After6%13%20%21%39%
Higher Order and Critical Thinking Skills

As can also be seen in Table 14, when teachers were asked about ICT activities associated with higher order thinking skills such as problem solving or synthesis and evaluation, the results show that the proportion of termly or better users of ICTs for these outcomes more than doubled over the period. However, such increases were less than those noted for information gathering and were lower also than those reported for communications-based activities.

Creativity

In relation to ICT activities specifically aligned with creativity as a learning outcome the proportion of low frequency-users of ICTs for creative activity reduced noticeably (from 80% to 51%) over the programme. Conversely, the proportion of routine users increased from 8% to 19%. The greatest student use of ICTs for creative activities was in the termly rather than weekly/daily categories. Proportionally more primary teachers also used ICTs with students for creative activities than secondary teachers. This possibly reflects the relatively greater role of activities such as ‘creative writing’ and ‘story telling’ in the primary sector.

3.  ICTs for collaborative or social learning

The frequency of student engagement in ICT based activities related to collaborative learning, social interaction, and a sense of being part of a learning community, such as working in groups to solve a problem, collaborating on desktop publishing projects etc, also increased over the period of the programme, though there was much less emphasis on these learning outcomes in ICT use than on other outcomes such as communication, information processing and the like. Two thirds (66%) of teachers said their students had ‘not at all’ engaged in ICT based activities connected to collaborative learning and social interaction during the year prior to the programme, though by the end of the programme this had reduced to 43%. The proportion of teachers who reported high levels (daily or once/twice a week) of their students’ engagement in collaborative ICT based activities increased from 6% to 18%.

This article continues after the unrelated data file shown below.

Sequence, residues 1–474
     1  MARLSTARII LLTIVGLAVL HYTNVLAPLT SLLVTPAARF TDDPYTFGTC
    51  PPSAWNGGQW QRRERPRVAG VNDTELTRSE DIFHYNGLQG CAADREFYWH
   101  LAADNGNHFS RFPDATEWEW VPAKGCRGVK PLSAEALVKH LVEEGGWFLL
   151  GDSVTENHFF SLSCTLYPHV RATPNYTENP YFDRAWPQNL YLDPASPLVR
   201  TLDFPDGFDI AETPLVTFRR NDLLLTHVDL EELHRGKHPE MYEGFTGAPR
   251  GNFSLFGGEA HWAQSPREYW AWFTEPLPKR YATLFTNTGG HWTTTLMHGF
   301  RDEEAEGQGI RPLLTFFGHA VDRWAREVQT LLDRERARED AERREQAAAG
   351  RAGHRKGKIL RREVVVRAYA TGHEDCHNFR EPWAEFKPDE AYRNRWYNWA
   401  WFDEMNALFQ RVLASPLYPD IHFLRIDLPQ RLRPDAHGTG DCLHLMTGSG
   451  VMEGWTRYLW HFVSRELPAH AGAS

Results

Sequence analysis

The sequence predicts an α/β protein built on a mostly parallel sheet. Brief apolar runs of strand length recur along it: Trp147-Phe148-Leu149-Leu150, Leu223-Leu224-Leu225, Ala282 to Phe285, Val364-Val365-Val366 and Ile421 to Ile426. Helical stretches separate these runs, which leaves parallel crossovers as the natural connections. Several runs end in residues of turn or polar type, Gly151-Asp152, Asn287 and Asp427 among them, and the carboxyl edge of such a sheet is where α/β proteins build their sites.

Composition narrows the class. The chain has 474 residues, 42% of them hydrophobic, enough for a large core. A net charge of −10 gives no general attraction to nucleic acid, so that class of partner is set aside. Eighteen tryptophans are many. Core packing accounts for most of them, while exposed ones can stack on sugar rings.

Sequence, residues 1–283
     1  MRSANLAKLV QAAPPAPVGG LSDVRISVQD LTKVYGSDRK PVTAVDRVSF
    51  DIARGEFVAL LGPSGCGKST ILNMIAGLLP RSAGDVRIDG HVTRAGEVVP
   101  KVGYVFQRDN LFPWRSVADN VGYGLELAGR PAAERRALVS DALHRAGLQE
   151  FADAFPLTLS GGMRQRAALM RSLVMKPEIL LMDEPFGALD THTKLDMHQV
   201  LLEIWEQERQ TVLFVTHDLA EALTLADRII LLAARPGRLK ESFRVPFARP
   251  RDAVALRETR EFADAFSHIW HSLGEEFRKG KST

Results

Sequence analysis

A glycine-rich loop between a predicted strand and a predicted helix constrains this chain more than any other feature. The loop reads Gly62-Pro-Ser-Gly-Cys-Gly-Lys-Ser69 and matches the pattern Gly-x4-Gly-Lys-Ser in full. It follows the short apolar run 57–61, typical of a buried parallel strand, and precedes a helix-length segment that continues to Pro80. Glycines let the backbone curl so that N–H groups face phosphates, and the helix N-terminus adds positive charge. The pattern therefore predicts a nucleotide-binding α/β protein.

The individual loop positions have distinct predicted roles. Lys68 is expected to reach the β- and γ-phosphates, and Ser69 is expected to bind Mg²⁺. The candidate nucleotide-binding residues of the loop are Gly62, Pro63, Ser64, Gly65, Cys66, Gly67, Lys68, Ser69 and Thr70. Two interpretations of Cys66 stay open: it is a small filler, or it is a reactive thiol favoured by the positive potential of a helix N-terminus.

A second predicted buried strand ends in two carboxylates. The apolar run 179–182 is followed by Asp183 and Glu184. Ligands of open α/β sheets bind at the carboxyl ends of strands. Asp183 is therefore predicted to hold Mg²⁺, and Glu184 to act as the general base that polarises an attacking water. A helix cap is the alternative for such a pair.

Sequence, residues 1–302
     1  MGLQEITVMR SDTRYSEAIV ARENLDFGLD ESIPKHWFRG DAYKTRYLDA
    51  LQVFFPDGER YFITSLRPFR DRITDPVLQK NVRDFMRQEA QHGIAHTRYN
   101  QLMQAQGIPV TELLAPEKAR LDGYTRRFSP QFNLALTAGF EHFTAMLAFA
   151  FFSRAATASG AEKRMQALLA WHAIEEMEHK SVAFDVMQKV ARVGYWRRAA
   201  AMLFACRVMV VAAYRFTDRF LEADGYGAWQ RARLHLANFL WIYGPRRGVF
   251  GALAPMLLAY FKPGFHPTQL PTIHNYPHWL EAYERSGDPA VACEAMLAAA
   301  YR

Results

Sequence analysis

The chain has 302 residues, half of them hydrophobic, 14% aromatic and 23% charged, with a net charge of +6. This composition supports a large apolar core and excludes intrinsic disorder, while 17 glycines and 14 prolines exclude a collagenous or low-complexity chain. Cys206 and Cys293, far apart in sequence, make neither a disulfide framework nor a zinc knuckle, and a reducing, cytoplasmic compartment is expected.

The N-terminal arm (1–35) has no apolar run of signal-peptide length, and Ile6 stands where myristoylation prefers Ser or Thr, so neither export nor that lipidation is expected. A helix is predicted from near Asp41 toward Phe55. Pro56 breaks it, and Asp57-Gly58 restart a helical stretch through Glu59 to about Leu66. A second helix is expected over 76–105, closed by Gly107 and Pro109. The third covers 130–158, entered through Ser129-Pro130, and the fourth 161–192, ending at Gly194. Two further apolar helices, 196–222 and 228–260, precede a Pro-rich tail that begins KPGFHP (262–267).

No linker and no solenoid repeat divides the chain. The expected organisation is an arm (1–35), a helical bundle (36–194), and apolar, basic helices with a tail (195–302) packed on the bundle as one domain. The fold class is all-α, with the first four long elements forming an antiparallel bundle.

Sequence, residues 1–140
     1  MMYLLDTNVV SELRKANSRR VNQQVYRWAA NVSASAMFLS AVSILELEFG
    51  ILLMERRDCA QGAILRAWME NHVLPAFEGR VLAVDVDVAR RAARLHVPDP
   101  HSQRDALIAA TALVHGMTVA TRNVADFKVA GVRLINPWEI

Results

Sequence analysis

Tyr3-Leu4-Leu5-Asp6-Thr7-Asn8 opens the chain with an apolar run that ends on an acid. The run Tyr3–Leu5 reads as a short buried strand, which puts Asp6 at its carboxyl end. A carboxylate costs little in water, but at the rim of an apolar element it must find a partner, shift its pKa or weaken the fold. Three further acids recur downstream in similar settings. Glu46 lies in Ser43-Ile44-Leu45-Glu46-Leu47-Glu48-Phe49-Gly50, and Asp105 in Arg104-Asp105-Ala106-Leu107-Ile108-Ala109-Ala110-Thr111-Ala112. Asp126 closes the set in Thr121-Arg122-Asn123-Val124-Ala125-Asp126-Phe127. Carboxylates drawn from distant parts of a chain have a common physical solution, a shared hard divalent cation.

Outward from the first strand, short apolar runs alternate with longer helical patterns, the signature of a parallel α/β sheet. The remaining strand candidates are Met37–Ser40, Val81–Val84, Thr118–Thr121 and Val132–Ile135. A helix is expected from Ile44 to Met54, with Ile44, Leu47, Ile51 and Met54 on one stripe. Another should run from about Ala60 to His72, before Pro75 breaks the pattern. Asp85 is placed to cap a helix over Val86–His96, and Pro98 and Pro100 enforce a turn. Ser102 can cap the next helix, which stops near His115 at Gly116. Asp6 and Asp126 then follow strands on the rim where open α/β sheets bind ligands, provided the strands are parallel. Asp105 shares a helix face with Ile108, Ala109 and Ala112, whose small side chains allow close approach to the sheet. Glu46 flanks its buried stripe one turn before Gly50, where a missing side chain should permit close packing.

Table 15: Students’ engagement in ICT-based activities related to collaborative and social learning, before and after the programme (n=2428 Before, 2416 After)
Classroom activity     Frequency
     
      Time
Avg. daily or almost dailyAvg. once or twice a weekAvg. once or twice a termAvg. once or twice per yearNot at all
Collaborative learning and social interactionBefore1%5%13%15%66%
After5%13%21%17%43%

4.  Curriculum Practice & Technical Skills

There was also an increase in the frequency of students’ use of ICTs related to reinforcement of content knowledge, practice at rule application and concept learning through the use of drill and practice, educational games, tutoring software, and the like. The proportion of teachers whose classes had rarely or never used these technologies for these purposes reduced significantly over the programme, and conversely the proportion of teachers who reported daily or weekly student engagement in such classroom activities increased. By the end of the programme well over a third of teachers, and proportionally more primary (51%) than secondary (20%) teachers, were reporting routine (weekly or daily) use of ICTs for curriculum practice of this type.

As also had been the case with previous cohorts, a significant proportion of identified learning outcomes of ICT use, and a significant amount of regular use of ICTs by students, related to student acquisition of ICT skills per se. The tendency to view technical skills acquisition as a legitimate outcome for computer based learning activities was especially strong amongst primary teachers, some 60% of whom reported that they routinely used ICTs for such a purpose at the end of the programme (cf. 37% of secondary teachers).


Table 16: Students’ engagement in ICT-based activities related to curriculum practice and technical skills, before and after the programme (n=2424~2445)
Classroom activity    Frequency
     
      Time
Avg. daily or almost dailyAvg. once or twice a weekAvg. once or twice a termAvg. once or twice per yearNot at all
Curriculum practiceBefore3%12%18%24%43%
After14%25%26%17%18%
Technical skillsBefore8%16%22%22%31%
After24%27%26%11%13%

Essential Learning Areas

The largest proportion of ICT-based student activities reported by teachers related to the English (20%) and Maths (17%), followed by Social Science (13%), Science (11%) and Cross-curricular (10%).

Figure 4: Students’ use of ICTs by Essential Learning Area (n=9762 activities)

Image of Figure 4: Students’ use of ICTs by Essential Learning Area (n=9762 activities).